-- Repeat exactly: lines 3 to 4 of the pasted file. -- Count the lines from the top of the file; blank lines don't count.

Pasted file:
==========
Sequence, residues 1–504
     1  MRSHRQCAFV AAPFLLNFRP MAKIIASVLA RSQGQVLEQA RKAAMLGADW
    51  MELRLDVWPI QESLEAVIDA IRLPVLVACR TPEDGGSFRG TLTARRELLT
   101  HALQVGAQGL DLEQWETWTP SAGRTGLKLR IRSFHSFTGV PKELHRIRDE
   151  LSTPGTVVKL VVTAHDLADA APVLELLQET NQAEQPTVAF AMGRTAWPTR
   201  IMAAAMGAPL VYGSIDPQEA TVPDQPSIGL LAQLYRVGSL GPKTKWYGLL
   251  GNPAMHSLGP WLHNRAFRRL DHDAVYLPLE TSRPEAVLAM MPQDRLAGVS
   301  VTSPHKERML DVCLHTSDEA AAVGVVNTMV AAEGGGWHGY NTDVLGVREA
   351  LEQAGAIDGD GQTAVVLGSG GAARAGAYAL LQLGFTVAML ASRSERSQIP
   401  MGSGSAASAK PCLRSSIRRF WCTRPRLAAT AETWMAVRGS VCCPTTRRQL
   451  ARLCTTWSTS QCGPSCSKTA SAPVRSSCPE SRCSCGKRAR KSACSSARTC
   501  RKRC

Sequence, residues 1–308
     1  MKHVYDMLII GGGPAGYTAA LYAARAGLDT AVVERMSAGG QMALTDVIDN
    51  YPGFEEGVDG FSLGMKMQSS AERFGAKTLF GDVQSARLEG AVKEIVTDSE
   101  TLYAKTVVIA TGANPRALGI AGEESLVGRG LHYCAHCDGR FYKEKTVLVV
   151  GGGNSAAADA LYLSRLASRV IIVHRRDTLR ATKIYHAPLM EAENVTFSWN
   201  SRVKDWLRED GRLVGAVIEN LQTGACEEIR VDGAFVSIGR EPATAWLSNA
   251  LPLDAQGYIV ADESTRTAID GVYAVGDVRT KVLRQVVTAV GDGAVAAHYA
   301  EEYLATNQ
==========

    51  MELRLDVWPI QESLEAVIDA IRLPVLVACR TPEDGGSFRG TLTARRELLT
   101  HALQVGAQGL DLEQWETWTP SAGRTGLKLR IRSFHSFTGV PKELHRIRDE